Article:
B.Cleaning and Disinfecting

    1. cleaning
    2. rinsing
    3. drying
    4. disinfecting
    5. reassembly

    C. Storage

    1. avoid exposure to dust, sunlight, temperature extremes, excessive moisture, chemicals, etc.
    2. use proper plastic bags for storage


    A. Supervisor
    B. Employees
    C. E H & S
    D. Employees Health Services
    E. Employees


    A. Proper selection of respirators by employees
    B. Demonstration of donning and doffing
    C. Discomfort Check
    D. Difficulty in Breathing
    E. Proper Placement
    F. Demonstration of Negative and Positive Fit Check
    G. Noting Any Unusual Signs and Symptoms
    H. Performing Qualitative Fit‑Testing as Described in Appendix E.

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    Before any kind of fit‑testing is done, each test subject must have written approval from the University Occupational Health Physician attesting that the individual is physically able to wear a respirator.


    Irritant smoke can be used for both types of respirators. Air‑purifying respirators should be tested with a commercially available smoke tube normally used to check the performance of a ventilation system.

    Adequate ventilation should be provided when carrying out tests to prevent contamination of the room; or they should be conducted in a room that is not used for selection and fitting. The test subject must keep his/her eyes closed during the test.

    The following procedure for fit‑testing should be followed:

    A.Respirator Selection

    1. Only NIOSH approved respirators should be recommended for use.

    2. test subject should be allowed to select, from a variety of respirators, the one that is most comfortable.

    3. Preferably, the fitting process should be conducted in a room separate from the fit test room to prevent contamination of the room. Prior to the selection, the test subject should be shown how to put on a respirator, how it should be positioned on the face, how to set strap tension, and how to assess "comfort".

    4. Assessment of comfort will include reviewing the following points with the test subject:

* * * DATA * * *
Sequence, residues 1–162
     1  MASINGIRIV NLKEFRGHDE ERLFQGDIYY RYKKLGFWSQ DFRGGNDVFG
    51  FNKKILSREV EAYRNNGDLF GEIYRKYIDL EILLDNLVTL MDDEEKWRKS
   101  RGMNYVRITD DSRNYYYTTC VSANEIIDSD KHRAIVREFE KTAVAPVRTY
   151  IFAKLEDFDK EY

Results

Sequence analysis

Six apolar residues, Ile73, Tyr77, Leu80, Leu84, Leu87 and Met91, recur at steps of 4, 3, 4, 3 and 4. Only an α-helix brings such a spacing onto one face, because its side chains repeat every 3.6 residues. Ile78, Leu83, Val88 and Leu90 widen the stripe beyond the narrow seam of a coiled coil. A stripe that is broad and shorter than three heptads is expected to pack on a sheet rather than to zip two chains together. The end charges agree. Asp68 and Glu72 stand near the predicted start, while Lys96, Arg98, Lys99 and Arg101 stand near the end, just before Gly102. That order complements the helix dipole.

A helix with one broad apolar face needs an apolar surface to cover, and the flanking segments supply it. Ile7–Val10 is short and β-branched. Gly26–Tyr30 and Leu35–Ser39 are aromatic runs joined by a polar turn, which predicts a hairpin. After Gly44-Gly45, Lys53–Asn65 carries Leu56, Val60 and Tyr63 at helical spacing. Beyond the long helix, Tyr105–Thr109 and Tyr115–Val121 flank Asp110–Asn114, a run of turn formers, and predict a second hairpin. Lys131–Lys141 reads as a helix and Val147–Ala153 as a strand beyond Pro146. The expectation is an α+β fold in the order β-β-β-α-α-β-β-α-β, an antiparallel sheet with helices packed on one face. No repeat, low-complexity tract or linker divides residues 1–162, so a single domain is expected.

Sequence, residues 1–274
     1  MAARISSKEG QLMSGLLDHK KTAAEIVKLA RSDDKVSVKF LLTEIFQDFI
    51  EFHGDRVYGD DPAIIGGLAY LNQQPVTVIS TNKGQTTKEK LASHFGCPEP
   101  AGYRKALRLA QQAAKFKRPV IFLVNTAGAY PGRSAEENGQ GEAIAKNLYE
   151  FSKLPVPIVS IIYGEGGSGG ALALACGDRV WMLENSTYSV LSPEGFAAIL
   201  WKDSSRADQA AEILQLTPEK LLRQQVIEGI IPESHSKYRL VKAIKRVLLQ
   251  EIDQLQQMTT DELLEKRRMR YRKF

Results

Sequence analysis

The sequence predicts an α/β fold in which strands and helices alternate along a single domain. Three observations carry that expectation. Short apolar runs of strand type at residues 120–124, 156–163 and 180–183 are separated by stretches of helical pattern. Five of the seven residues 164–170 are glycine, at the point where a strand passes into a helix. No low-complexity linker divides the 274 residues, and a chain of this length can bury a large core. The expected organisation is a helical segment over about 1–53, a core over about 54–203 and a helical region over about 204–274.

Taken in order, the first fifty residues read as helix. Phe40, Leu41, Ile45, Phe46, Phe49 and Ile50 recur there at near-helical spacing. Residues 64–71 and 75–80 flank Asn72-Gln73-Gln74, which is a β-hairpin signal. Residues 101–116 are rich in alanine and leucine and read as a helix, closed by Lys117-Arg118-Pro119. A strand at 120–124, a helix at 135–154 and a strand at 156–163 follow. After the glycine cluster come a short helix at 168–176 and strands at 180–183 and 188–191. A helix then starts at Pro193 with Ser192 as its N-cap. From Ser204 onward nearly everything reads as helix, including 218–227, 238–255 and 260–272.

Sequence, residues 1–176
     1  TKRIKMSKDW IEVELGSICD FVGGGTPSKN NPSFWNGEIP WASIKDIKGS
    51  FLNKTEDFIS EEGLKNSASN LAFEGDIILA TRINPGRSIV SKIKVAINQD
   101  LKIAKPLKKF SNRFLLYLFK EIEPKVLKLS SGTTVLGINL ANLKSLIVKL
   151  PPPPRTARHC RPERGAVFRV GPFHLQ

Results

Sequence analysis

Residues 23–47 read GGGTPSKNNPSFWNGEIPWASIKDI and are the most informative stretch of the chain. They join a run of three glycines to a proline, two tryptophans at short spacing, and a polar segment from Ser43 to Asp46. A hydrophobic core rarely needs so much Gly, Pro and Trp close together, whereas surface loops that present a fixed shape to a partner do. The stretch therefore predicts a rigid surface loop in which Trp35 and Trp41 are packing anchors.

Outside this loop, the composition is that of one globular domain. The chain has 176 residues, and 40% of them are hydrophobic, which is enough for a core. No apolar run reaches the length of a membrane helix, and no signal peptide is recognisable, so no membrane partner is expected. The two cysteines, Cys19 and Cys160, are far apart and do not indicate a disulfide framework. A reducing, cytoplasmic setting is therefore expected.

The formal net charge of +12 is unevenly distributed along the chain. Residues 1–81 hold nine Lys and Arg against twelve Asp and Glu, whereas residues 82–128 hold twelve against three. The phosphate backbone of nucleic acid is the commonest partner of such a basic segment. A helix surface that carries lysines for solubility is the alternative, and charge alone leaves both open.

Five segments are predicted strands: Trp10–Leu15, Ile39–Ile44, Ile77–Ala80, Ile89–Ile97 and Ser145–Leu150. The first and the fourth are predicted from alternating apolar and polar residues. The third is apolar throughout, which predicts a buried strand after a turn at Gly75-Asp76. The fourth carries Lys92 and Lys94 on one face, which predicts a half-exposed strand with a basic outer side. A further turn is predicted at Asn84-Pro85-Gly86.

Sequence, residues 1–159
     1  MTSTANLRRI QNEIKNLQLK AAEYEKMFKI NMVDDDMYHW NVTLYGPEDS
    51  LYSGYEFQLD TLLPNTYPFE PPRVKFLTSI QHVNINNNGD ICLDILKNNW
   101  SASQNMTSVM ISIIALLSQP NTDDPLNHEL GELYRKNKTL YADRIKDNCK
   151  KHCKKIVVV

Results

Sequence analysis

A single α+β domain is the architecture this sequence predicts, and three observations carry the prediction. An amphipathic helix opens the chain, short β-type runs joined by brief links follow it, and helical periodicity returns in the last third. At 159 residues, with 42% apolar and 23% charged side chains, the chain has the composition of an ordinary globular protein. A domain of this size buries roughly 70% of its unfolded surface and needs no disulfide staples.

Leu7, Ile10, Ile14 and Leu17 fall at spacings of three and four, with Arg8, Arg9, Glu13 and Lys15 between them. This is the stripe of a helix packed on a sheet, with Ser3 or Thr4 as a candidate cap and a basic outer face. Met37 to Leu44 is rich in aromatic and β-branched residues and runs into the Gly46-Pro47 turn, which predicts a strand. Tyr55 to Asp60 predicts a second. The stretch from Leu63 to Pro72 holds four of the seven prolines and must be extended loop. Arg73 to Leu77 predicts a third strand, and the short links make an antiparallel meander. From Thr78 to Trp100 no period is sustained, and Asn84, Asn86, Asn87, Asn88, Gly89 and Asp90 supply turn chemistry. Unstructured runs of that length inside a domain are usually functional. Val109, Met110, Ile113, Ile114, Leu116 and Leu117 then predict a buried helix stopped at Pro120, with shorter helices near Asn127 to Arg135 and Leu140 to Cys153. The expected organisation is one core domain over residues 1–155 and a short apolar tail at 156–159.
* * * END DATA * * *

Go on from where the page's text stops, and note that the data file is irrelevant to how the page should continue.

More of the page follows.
. proper chin placement
    . positioning of mask on nose
    . strap tension
    . fitting across nose bridge
    . room for safety glasses
    . distance from nose to chin
    . room to talk
    . tendency to slip
    . cheeks filled out
    . self‑observation in mirror
    . adequate time for assessment

    5. The test subject will conduct the conventional positive‑and negative‑pressure fit cheeks (e.g. see ANSI Z88.1‑1980), as described below. Before conducting these cheeks, the subject will be told to seat the mask by rapidly moving the head side‑to‑side and up and down, taking a few deep breaths.

    6. At this time, the test subject is ready for fit‑testing.

    7. After passing the fit‑test, the test subject will be questioned again regarding the comfort of the respirator. If it has become uncomfortable, another model should be tried.

    B. Negative Pressure Test

    The test subject should conduct this test after the selection of a comfortable respirator. It consists of closing off the inlet of the canister, cartridge, or filter (by covering with the palms or replacing the seals, or by squeezing the breathing tube so that air does not go through), then inhaling gently so that the facepiece collages slightly, and holding the breath for ten seconds. If the facepiece remains slightly collapsed and no leakage is detected, the respirator is considered tight enough. This test can be used only on respirators with tight‑fitting facepieces.